So…what are you waiting for? Go sign up. Click the link below. Good luck to everyone and I can’t wait to see who wins–just know that I will expect a full report about how much fun you had in the workshop afterward!

SIGN UP FOR A CHANCE TO WIN THE SEAT!

Don’t forget to share and retweet to let all of your writer friends know about this opportunity, too!

Tremendous Love & Thanks,

Chase

Build-A-Character & Story

A man has a congenital brain defect.

He has been on medication and had multiple surgeries throughout his life.

You would never know because brain surgeries generally mean that the scalp and skull were cut into and when hair grows back…

He is now in his 20s.

Both of his parents are dead.

He had two siblings.

They are both dead.

He is standing outside of a seasonal market, geared towards tourists, in the city in which he lives, alone, with no friends, no family.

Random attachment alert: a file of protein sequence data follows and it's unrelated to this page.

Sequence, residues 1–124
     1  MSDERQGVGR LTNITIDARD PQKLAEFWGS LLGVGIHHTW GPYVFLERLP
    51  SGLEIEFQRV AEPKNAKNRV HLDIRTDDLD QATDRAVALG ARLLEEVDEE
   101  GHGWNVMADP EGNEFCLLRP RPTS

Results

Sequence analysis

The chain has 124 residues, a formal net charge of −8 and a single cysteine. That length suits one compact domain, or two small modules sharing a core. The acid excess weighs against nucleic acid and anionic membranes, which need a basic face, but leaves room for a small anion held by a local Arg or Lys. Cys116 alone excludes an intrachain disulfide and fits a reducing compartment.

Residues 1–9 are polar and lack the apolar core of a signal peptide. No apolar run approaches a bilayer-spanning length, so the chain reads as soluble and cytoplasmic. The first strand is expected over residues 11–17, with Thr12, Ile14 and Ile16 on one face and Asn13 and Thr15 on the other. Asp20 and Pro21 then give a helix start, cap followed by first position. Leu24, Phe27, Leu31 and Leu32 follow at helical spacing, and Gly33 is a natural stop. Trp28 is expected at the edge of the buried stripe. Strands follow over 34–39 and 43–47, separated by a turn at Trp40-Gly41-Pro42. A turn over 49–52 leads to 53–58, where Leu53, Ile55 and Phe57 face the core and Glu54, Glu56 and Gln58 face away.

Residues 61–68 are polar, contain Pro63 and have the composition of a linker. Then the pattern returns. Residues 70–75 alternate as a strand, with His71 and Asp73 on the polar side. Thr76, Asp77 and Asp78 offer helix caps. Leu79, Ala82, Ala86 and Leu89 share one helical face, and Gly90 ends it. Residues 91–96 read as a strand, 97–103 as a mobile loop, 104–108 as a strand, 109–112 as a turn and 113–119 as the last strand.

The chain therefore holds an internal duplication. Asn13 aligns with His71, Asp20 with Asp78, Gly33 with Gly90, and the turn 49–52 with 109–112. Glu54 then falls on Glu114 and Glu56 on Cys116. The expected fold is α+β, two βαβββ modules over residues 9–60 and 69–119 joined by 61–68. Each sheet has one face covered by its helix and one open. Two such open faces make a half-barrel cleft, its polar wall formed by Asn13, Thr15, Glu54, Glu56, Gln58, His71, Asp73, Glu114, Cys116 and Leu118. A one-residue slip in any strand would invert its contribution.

He is alone in this world.

Then he spots an American tourist being screwed over by a vendor.

His name is Daniel. The American tourist, we later find out, is named Patrick.

Daniel is in love with Patrick the moment he lays eyes on him. A need to be the hero fills his head and he jumps into action, helping the American tourist with the vendor, feeling that this will make them fall madly into love and live happily ever after. So…he springs into action.

Now what?

That is the question that kills a lot of us writers. We have thought of a character, given them a little backstory, thought of the catalyst for our plot/story…but we do not know where to go from there. Is what we have now enough to make an entire novel? A novella? Novellete? Short story? What can we do with this information the muse at the furthest corners of our brains has whispered to us desperately, urging us to write this idea as though our lives depend upon it?